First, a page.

Local Hardware Stores
I have a thing for small towns, mom and pop truck stops, and local hardware stores. We live about 5 miles north of a town of about 2500 people and about 10 miles south of a town with about 2800 people. The local hardware store in the closer town closed down. Now, I look forward to needing to go to the hardware store north of us.
This weekend I needed to go there. The little 5’ x 8’ trailer that I have owned for close to 20 years had an issue. The fender is rusting and was pulling away from the wood sides. This gave me the chance to visit my local hardware store. The repair plan seemed good. It was to pick up to L brackets, and some machine bolts, washers and nuts at the local hardware store. Then I would have to drill holes in the fenders and the wood sides. The fender is thin sheet metal and the sides are 5/4 round green treated lumber.
For the wood sides I decided to use 1 ½ “ long quarter inch carriage bolts. Then 1” long bolts for the for the fenders. The local hardware store had exactly what I needed. The longer bolts were 15 cents a piece. The shorter bolts were 12 cents each. The project needed 4 of each. That meant 8 split washers at 7 cents each and the nuts were 6 cents. The brackets were $7.49 for a package of 4. That was double what I needed, but I like having extra hardware in the garage. The parts came in at a fair $9.61.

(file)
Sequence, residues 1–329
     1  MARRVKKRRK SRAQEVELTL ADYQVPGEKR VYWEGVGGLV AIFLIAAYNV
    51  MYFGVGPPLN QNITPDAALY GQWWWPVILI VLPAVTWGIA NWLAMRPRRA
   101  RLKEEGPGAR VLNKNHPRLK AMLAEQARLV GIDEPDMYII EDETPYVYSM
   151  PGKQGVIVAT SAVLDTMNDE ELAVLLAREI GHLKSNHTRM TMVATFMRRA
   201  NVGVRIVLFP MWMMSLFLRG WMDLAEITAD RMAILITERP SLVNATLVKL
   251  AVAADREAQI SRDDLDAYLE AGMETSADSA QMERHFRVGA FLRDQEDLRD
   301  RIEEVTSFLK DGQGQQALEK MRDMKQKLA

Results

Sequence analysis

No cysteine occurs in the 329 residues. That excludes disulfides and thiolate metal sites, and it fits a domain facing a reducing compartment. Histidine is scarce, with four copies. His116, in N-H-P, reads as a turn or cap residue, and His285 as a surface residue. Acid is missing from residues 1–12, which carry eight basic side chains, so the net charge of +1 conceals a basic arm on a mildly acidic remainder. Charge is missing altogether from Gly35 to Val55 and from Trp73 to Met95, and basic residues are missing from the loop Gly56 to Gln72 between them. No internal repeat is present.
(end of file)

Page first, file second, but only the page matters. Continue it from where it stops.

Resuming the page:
As a teenager I worked in the hardware department at a small Sears store in Glen Ellyn, IL. My starting was $2.10 an hour. It was a great job. A lot of things that I learned at that store, I still use today. Small stores matter. It can be a mom and pop truck stop, or a local hardware store. Small businesses are an important fabric of our economy.
Planning a small repair project and visiting the local hardware store is fun to me. Today, I had to haul a 4 wheeler in the trailer. The 4 wheeler was almost as wide as the trailer. I had forgotten about my $9.61 repair job and stepped onto fender to exit the trailer. It held. That left me satisfied. The repaired fender was strong.
It is so much more satisfying to me to visit our local store than a big box store. The people recognize me when I walk in. They are probably wondering what I broke this time. I would rather think they are wondering how good my plan is. Either way, I am good. The only way we can keep these small businesses, including small independent truck stops, going is to spend money there. So, not only did I make a strong repair, but I contributed to a strong local economy.